1. Less control: have them attack at disadvantage
Everyone has mentioned rolling with disadvantage and it makes a lot of sense especially when you consider the video from Icyfire’s answer demonstrating how a trained swordsman struggles when trying to use a two-handed weapon with one hand.
2. Less power: lower the dice by one type
There are several weapons that already have the versatile property, which means they’re supposed to be able to be wielded one-handed. These weapons still go down a dice type when you do this, though, to reflect the reduced power you have behind them.
3. Optional: Have pre-requisites
The thing with adding disadvantage alone is that, for instance, a gnome could wield a greataxe in the dark with just one hand, with another hand free for anything else, and despite the small size and lack of proficiency and everything else the only penalty they’d face is disadvantage. Have them successfully hide and it’s a straight roll!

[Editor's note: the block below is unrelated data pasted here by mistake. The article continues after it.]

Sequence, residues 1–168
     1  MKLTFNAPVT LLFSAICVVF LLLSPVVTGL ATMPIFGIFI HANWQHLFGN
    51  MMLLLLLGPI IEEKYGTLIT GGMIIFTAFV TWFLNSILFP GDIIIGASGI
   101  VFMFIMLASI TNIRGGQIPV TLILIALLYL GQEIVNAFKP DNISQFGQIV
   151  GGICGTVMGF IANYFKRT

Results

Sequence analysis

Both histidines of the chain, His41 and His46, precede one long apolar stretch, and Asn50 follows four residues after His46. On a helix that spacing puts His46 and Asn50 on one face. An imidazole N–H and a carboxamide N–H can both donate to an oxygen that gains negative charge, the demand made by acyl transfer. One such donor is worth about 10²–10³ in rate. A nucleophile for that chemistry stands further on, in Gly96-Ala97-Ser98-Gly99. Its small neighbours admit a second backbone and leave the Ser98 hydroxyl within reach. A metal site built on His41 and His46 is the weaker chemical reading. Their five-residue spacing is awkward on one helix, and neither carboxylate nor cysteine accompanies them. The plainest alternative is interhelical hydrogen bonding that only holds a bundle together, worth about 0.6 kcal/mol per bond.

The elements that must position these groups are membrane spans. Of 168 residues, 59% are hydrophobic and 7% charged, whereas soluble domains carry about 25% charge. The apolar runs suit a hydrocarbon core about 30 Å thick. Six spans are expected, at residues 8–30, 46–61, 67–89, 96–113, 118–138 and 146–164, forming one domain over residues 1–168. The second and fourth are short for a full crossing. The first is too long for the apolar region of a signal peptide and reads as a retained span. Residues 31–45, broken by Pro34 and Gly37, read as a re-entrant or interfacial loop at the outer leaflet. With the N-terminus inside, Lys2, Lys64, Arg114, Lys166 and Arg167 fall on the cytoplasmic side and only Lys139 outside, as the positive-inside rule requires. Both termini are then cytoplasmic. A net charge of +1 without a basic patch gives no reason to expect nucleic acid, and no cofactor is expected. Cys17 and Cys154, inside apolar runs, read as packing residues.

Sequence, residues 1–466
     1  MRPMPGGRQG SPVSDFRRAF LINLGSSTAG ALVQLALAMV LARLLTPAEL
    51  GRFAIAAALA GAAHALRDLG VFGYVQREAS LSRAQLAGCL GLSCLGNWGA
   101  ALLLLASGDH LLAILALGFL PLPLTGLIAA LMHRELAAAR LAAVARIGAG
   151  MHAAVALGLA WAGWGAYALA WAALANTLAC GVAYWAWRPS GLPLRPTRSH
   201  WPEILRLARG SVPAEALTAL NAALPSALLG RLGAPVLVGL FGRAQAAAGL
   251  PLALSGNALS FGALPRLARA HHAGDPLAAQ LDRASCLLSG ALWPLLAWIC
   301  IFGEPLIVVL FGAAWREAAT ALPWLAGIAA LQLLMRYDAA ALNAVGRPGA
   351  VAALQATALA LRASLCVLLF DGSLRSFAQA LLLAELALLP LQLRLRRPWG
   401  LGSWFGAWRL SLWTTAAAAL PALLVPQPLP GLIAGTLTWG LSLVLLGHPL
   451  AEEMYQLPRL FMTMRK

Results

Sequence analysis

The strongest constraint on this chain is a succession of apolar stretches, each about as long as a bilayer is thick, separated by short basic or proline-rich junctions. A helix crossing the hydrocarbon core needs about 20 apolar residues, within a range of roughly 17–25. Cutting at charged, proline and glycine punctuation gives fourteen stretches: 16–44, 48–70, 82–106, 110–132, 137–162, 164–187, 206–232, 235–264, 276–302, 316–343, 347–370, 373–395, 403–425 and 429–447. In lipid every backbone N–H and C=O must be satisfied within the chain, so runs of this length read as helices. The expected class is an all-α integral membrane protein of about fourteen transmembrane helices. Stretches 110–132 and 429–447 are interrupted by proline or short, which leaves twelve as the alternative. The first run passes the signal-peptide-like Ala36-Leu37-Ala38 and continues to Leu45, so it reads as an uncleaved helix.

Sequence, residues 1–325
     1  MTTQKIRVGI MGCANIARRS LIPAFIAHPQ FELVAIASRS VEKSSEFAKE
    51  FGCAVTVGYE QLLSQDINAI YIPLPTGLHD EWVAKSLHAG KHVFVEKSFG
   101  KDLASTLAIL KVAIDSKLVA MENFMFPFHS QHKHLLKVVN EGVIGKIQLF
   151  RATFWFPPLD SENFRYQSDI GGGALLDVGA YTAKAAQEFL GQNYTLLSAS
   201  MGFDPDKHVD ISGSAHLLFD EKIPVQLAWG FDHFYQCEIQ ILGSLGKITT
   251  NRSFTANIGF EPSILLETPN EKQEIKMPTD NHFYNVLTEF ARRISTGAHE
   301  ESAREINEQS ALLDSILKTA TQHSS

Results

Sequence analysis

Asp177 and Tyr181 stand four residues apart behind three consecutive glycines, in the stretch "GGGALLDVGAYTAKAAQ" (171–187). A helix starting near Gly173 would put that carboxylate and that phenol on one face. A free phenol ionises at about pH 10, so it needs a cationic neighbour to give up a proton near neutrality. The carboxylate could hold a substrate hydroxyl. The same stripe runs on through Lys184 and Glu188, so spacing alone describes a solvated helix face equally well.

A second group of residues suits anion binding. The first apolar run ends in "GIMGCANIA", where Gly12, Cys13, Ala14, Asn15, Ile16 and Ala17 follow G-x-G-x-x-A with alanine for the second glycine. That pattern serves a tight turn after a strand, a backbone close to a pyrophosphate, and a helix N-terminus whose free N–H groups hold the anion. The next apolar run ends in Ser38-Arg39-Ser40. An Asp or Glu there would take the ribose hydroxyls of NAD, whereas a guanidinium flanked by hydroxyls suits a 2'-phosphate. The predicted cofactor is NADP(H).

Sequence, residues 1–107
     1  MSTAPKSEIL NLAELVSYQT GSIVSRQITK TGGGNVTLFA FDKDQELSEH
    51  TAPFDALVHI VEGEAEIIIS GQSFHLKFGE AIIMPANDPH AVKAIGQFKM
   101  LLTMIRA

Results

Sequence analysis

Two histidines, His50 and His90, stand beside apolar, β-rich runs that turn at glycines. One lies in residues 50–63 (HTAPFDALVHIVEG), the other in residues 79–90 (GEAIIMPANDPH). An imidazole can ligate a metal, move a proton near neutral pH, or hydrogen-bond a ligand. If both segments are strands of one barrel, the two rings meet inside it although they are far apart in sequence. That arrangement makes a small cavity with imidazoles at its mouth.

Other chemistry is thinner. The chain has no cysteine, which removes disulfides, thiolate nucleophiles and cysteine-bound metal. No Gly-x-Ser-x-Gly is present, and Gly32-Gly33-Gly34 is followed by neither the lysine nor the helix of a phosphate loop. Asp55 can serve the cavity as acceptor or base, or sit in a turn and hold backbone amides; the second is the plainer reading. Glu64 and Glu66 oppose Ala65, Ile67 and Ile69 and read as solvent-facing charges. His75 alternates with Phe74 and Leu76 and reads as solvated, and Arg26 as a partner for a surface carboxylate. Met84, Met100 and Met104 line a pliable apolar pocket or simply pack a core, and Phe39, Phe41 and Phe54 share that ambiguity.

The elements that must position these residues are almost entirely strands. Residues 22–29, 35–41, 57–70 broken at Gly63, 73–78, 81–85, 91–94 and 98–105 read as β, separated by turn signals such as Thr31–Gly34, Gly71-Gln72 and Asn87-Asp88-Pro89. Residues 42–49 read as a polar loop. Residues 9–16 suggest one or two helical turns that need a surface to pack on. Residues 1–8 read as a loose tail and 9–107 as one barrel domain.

Perhaps you could have a minimum strength requirement: only a character with a strength score above 15 can actually wield a two handed weapon with one hand; or maybe you homebrew a feat that allows this. In that case you might not even need to add all the other penalties...
4. Optional: Lose/alter the proficiency bonus
Losing the proficiency bonus entirely is a pretty intense penalty, especially at higher levels. It seems reasonable that if someone is proficient with a greatsword they’d be passable, at least, when using it one-handed. However, if you try with the other two elements and it still feels unbalanced, you could halve the proficiency bonus, for instance (rounding down as you do with everything in 5e.)